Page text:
Five tips to avoid lower limb overuse injury on the PCT

By Dan Feldman

No one knows, till he tries, how easily a habit of walking is acquired. A person who never walked three miles will in the course of a month become able to walk 15 or 20.

— Thomas Jefferson, correspondence to Thomas Mann Randolph Aug 27, 1786.

There’s a definite ring of truth to Thomas Jefferson’s point of view. Hundreds of new and experienced long-distance hikers discover this every year on the Pacific Crest Trail.

Though Jefferson was a steadfast supporter of walking for distance, he unabashedly waxed poetic in his writings, leaving the reality of blisters, stress injuries and other walking-related afflictions for us to discover for ourselves.

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Hikers who venture out to hike long distances on the PCT risk developing a class of injuries to the lower limb called overuse injuries. These have familiar names such as Achilles tendinopathy, shin splints (known more formally as medial tibial stress syndrome or MTSS) and plantar fasciitis.

The American Orthopedic Society for Sports Medicine defines an overuse injury as being caused by “repetitive micro-trauma to the tendons, bones, and joints.”  Simply put, an overuse injury is caused by using a body part in a repetitive, excessive manner without enough time for normal healing. It should come as no surprise that hikers are at risk. According to an October 2010 study published in Medicine and Science in Sports and Exercise, if you’re an American adult, you take an average of 5,117 steps per day. Multiply that by 2.2 to 2.5 feet per step and you’re probably walking a little over 2 miles per day in everyday life. Building up to Thomas Jefferson’s 15-20 miles per day and then adding a full pack and PCT terrain does not come without a few aches and pains along the way for many hikers.

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Source: A survey of 123 PCT thru-hikers conducted by the author in 2013. Hikers were asked if they sustained injury or experienced more than a few days of aches and pains.

Surveys of former PCT thru-hikers offer confirmation: 123 from the class of 2013 were asked if, while on the trail, they experienced injury or more than a few days of aches and pains. Of them, 55 hikers (45%) answered yes.  When asked where they experienced the worst problems, the knee, ankle, lower leg and foot comprised 89% of responses with injuries of the foot comprising 47% of the total.

Source: A survey of the 55 PCT thru-hikers who reported injury (above) conducted by the author in 2013. Hikers were asked the location of their most significant injury.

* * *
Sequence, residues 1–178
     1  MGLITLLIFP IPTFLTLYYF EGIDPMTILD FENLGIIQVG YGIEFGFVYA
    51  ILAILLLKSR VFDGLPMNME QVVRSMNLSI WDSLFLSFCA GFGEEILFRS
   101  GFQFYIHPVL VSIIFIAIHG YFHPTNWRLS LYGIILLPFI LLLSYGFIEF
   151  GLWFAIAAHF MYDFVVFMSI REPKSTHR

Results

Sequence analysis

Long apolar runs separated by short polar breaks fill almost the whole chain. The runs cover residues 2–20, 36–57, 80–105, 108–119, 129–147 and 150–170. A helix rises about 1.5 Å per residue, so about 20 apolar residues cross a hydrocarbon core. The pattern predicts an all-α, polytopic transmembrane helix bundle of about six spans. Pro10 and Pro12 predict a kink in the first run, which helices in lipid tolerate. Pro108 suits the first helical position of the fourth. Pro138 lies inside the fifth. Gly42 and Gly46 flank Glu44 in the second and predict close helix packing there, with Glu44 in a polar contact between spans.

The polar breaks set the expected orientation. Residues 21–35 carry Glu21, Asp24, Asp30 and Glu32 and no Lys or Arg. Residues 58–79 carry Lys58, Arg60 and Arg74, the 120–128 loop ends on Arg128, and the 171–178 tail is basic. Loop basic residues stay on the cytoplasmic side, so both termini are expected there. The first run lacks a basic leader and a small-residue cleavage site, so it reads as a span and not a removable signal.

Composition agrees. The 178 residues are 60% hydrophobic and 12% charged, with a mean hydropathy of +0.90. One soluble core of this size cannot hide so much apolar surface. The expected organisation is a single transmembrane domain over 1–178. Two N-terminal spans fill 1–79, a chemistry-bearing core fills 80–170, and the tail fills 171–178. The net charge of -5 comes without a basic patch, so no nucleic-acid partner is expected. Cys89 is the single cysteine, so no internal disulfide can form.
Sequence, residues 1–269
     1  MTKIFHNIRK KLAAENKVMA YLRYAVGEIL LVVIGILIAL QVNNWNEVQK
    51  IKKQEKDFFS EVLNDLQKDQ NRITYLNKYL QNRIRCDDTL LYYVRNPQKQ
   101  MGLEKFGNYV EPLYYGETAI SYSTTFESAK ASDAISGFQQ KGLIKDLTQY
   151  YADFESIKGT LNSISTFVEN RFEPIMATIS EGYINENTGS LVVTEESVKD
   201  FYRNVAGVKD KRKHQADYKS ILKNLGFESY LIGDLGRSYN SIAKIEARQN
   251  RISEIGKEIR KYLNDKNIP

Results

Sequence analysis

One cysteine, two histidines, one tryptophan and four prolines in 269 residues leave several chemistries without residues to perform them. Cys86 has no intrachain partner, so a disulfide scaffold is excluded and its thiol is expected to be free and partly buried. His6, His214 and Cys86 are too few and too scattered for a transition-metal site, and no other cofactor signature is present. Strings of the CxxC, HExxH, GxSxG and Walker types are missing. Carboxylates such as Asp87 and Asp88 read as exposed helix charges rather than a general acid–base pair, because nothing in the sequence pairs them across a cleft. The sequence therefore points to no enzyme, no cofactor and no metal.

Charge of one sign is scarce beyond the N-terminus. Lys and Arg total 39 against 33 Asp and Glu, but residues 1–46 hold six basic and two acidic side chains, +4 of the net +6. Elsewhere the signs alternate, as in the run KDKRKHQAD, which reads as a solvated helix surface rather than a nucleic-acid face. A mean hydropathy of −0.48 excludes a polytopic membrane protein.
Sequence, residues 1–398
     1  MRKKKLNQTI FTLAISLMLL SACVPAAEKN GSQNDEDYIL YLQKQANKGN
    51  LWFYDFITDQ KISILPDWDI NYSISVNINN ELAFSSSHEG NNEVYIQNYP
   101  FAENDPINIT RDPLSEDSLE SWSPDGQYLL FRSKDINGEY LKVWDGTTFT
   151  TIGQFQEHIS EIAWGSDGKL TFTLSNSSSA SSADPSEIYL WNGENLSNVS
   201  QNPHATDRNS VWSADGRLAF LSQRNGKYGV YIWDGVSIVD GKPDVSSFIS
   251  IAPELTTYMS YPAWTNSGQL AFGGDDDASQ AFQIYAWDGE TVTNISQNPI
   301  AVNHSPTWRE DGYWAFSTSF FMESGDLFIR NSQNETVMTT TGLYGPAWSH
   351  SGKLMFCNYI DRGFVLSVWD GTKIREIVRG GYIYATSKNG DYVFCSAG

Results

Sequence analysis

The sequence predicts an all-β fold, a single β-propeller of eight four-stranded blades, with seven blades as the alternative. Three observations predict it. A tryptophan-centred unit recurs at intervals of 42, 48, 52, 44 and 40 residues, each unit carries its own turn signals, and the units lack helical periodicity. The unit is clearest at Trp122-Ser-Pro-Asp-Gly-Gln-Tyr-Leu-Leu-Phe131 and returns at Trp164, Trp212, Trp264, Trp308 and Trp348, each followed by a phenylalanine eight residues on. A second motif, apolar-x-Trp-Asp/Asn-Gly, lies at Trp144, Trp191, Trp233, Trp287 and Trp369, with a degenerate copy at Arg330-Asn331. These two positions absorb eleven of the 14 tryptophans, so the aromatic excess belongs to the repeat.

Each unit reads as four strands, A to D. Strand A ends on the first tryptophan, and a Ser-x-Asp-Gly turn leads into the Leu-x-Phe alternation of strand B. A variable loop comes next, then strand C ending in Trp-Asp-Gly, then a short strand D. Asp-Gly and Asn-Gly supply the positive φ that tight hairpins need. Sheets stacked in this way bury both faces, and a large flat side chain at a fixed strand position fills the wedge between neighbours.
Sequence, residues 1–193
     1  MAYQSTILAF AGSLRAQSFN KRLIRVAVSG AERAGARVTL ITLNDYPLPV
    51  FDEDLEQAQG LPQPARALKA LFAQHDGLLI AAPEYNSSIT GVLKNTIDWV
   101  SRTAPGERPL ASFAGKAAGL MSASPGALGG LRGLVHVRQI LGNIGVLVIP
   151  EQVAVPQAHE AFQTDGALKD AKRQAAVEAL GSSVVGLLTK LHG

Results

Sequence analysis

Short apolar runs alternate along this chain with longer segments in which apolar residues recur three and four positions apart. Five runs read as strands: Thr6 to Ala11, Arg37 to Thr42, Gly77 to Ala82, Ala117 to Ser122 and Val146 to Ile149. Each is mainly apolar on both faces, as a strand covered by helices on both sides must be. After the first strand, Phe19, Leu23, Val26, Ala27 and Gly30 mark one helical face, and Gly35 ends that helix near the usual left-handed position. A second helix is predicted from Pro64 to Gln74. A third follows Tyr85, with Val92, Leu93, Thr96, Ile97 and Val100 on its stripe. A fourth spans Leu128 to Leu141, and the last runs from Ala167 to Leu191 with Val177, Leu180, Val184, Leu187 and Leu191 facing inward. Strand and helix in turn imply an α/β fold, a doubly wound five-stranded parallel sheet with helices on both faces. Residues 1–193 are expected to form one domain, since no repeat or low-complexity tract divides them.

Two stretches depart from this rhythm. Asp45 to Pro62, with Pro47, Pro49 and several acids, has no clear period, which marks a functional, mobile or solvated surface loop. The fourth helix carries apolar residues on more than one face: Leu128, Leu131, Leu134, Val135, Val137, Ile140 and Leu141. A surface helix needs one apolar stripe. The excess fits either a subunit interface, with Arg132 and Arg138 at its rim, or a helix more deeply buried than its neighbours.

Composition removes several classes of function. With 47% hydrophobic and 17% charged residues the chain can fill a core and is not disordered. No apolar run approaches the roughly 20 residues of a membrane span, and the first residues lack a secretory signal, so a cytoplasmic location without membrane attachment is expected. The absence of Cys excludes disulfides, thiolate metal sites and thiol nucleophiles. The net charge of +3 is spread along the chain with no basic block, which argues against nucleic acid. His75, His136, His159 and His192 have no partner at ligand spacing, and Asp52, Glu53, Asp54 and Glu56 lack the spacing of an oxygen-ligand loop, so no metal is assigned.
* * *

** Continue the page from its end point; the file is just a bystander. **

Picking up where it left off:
Source: A survey of the 55 PCT thru-hikers who reported injury (above) conducted by the author in 2013. Hikers were asked the location of their most significant injury.

Being able to avoid or minimize the risk of sustaining a lower limb overuse injury is one key to having a more comfortable hike. Here are five tips that will set you down the right path to a less painful transition to life on the trail:

1) Get fit

While there’s no perfect way to prepare the body for hiking all day for weeks on end, maintaining a good general fitness level prior to a hike will prepare the body to absorb the rigors of daily trail travel. When designing a fitness program with hiking preparation in mind, emphasize low-to-medium-load, long-duration strengthening exercises that target the muscles of the hips, thighs, and lower leg. Mix in cardiovascular exercises like long walks or light jogging. Consider consulting your physician or an exercise professional who can help you design a program that’s right for you.

2) Have the right footwear

Carefully choose your shoes and socks. Whether going with trail runners, boots, or something else, make sure that footwear is broken in and fits comfortably before heading out on the trail. If expecting to be on the trail for a long time, feet may grow. Some hikers buy shoes that are slightly big for their feet and make up the difference with thick socks until their feet grow. Some go with shoes that are accurately sized. Whatever you choose to do, be prepared to adjust lacing and even sock thickness to accommodate your changing feet as you go along.

3) Use four-heel drive

Use trekking poles. Poles can help ease the transition into hiking by transferring some of the load borne by the hips, knees, ankles and feet. Some hikers will transition away from trekking poles once they feel strong enough to hike full days comfortably.

4) Build up your miles slowly

Ease into daily mileage changes. Rather than going directly from 10-mile days to 18-mile days, build the body up to accepting the higher mileage through slower increases in miles per day. Sudden changes to what the body is accustomed to will raise the risk of an overuse injury. Even hikers accustomed to very high mileage days (25+) can raise their risk of injury by increasing mileage too quickly.

5) Get checked

Have a professional check out your gait (walking style) and posture. Several large review studies published in 2014 in the Journal of Foot and Ankle Research identified risk factors for lower limb overuse injuries. The strongest finding was that a pronated foot posture increased the risk for shin splints. Podiatrists and physical therapists are examples of accessible, helpful professionals who are qualified to examine gait and posture.

In the spirit of Thomas Jefferson, have a safe and fun PCT journey!

Dan Feldman is the author of Long-Distance Hiking and thru-hiked the PCT in 2007. He lives in Bowdoinham, Maine and works in early intervention and early childhood special education as a pediatric physical therapist. Dan and his wife enjoy hiking, trips to Quebec, and raising their flock of Polish chickens and Indian Runner ducks. Dan maintains a website at distancehiking.com